On Monday, the Senate Jobs and Economic Growth and Finance and Policy Committee approved its $ 348 million bill, which its main theme is economic and business recovery for the whole of Minnesota. Senate Archives 1098 focuses on economic recovery; workforce training and business development services; and addresses the lack of daycare centers in many communities.
The project, authored by Senator Eric Pratt (R- Prior Lake), provides $ 100 million for the creation of a small business loan guarantee program. By securing 80% of a small business loan with state dollars, private lenders are expected to lend $ 250 million in private equity to help companies as they enter a period of economic recovery. Also included in the account is $ 17.5 million for workforce training and business development services to ensure that Minnesota has a trained workforce. $ 3.2 million will make up for the state’s shortage of child care facilities, helping to reduce the costs that providers are facing with falling demand for services.
“This bill has one goal: to help our small businesses and workforce recover after a long year of restrictions, closings and financial difficulties,” said Pratt. “Main Street businesses were put in the juicer and, consequently, many will never reopen their doors. This project focuses on guiding and assisting companies that survived, as well as the workforce, during the approaching economic recovery, and I think we were really able to hit the nail on the head. “
Notably, this legislation gives companies the ability to operate at full capacity with a COVID-19 security plan in place and requires that any future executive orders designed to partially close or close deals receive the support of a majority of the House and Senate before come into effect.
In response to the large number of problems reported in the past year with the Unemployment Insurance (UI) program, this bill also focuses on reforming and updating various SD benefit provisions. It includes the removal of a provision that automatically makes high school students ineligible for unemployment benefit benefits. Many working students were unable to receive benefits during COVID shutdowns. This amendment allows them to do so, as long as they comply with the other requirements currently in law. In addition, this legislation would also expand the types of reemployment training services that meet the “proper job” requirement for unemployment benefit recipients, thus expanding the options for individuals to receive benefits and simultaneously receive services. of workforce training.
“This year has been especially challenging for our workforce and employees, and has exposed a number of shortcomings in our current UI system. This project updates our unemployment insurance provisions so that Minnesota workers who find themselves unemployed during a period of crisis, especially students and the elderly who have had their wages taxed by the unemployment benefit premium, can actually enroll and receive underwriting benefits. Pratt continued. “A large part of our workforce was unexpectedly out of jobs, and many of these people found that they could not cover basic expenses because of old and mysterious regulations. We need to do what we can to ensure that these problems do not arise again, and we must also ensure that displaced people from their workplaces are able to rise again. ”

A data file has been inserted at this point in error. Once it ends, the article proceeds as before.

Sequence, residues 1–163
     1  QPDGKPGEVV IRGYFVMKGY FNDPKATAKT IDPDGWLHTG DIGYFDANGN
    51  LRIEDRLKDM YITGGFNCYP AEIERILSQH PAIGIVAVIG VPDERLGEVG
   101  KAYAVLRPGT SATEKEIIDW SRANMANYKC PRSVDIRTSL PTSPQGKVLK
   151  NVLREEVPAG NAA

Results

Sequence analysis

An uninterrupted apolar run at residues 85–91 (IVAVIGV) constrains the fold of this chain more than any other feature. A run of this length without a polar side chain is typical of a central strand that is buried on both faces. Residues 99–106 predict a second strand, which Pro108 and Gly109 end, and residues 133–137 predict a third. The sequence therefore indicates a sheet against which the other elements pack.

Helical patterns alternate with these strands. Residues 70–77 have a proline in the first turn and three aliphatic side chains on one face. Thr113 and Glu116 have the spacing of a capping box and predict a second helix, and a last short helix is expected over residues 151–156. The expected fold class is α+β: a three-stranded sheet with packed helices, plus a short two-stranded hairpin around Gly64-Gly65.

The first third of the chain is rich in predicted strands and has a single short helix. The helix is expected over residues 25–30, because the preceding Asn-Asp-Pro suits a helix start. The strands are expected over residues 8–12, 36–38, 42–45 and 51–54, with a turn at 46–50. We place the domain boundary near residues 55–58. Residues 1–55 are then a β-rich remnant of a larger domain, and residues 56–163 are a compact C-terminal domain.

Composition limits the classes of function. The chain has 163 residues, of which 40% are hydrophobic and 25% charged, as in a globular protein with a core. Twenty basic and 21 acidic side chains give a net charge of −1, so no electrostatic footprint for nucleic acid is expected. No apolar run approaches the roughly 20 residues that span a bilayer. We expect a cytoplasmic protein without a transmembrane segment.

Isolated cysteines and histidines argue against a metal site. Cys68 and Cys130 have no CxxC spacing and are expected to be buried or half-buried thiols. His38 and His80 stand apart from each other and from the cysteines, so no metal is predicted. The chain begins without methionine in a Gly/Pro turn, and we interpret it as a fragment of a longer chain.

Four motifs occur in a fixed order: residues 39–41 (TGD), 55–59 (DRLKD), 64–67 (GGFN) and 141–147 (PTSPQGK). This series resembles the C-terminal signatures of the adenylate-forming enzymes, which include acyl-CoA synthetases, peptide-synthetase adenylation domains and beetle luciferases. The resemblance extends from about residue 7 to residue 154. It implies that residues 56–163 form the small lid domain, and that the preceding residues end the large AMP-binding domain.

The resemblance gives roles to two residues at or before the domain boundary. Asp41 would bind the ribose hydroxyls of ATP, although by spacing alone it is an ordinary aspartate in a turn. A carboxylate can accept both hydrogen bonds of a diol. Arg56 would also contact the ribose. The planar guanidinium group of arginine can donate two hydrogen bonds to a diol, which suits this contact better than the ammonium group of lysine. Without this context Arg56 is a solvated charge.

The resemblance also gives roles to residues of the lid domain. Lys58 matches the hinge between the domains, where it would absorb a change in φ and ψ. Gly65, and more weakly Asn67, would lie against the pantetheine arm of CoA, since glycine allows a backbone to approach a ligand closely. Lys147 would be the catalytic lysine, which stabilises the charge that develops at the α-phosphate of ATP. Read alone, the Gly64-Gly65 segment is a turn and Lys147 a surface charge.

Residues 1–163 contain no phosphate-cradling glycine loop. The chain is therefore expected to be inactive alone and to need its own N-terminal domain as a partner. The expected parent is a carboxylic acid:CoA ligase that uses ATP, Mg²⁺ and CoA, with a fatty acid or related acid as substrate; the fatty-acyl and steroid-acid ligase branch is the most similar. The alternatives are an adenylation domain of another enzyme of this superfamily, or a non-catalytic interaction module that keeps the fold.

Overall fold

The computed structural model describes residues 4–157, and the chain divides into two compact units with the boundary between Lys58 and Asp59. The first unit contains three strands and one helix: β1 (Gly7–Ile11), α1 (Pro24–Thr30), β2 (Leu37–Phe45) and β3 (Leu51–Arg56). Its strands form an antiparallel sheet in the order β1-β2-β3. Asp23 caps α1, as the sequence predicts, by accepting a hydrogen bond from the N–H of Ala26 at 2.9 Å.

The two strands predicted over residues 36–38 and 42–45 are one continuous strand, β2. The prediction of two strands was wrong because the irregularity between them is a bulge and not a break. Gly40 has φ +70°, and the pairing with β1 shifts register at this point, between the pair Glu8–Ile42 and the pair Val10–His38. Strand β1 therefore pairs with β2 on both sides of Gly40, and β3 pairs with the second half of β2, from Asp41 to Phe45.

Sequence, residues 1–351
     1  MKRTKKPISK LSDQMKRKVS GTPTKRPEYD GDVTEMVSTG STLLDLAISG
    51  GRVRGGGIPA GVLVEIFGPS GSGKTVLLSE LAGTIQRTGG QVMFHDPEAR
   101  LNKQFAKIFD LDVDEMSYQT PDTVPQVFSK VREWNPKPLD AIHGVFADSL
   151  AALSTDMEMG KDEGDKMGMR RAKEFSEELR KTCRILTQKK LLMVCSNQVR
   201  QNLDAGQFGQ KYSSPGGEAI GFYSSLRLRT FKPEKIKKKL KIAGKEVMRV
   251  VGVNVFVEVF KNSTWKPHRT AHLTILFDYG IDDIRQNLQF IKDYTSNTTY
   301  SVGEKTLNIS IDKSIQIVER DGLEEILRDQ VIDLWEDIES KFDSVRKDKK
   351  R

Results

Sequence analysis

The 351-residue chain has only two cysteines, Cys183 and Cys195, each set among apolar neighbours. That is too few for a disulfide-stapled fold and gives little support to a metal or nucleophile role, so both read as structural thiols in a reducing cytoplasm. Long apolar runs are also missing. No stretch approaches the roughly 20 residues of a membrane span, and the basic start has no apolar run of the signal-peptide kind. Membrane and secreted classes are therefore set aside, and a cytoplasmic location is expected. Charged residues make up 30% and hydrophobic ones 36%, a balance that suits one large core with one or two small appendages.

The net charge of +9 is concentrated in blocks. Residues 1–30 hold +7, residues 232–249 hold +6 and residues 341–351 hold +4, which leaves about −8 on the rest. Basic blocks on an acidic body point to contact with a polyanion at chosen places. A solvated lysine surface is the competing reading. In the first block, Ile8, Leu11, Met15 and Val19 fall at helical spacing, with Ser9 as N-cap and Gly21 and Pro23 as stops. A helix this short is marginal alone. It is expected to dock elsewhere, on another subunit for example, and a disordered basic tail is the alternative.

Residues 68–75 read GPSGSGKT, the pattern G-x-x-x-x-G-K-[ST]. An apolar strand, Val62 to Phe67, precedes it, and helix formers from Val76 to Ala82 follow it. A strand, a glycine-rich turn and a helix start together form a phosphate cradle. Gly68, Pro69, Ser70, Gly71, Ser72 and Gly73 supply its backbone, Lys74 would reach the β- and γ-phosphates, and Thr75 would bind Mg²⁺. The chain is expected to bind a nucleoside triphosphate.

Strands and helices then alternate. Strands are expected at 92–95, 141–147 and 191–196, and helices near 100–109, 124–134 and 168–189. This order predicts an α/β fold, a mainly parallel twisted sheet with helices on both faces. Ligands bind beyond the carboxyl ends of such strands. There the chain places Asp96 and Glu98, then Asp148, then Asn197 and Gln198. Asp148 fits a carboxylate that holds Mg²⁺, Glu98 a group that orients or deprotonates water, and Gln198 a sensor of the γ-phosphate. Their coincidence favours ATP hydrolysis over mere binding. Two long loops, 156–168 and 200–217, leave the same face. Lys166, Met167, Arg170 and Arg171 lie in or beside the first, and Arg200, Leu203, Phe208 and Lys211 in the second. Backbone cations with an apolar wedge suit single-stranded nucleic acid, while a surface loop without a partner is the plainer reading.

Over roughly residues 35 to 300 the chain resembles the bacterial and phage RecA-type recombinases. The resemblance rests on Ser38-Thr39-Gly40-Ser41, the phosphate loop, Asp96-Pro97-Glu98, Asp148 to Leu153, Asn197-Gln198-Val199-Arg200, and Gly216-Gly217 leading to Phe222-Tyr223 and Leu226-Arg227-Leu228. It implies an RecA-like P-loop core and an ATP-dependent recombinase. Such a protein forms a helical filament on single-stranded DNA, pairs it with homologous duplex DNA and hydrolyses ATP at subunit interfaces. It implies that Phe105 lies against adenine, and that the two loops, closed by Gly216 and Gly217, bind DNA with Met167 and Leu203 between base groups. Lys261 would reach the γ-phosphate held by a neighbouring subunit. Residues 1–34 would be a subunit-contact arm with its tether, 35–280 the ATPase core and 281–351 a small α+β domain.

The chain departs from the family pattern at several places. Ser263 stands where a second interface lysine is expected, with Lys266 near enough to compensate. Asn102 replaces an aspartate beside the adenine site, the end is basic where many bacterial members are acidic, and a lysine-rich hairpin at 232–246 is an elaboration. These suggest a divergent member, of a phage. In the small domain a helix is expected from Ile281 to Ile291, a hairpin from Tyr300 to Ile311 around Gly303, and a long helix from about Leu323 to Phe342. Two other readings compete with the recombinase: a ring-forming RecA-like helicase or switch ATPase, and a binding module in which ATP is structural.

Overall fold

In addition, a text that reforms the Wage Theft Prevention Act is specifically included in this bill, specifically clarifying the employer’s responsibilities in relation to employee notification requirements. The suggested changes will dispel the confusion surrounding current requirements, ensure that employee protections remain strong and details of compensation are communicated to the employee in a timely manner.
Other important provisions included in the legislation are:
- Expansion of workplace accommodations for pregnant and lactating mothers
- Removing a provision that deducts 50% of a UI applicant’s social security income from their UI insurance benefit
- Modification to the building code that will help lower costs, ensuring that construction safety remains a priority
- Reducing the time an employee needs to work for an employer (from 12 to 3 months) for the purpose of participating in the Shared Work Program
“This bill also focuses on the recovery of companies and employees: we are removing barriers to employment, we are training people today for tomorrow’s jobs and we are making Minnesota a viable place to invest. Leaving the heels of COVID and a massive recession, we were able to formulate a bipartisan bill. I am proud to say that this project is 100% focused on helping Minnesota residents get back to work and on the road to economic recovery, ”concluded Pratt.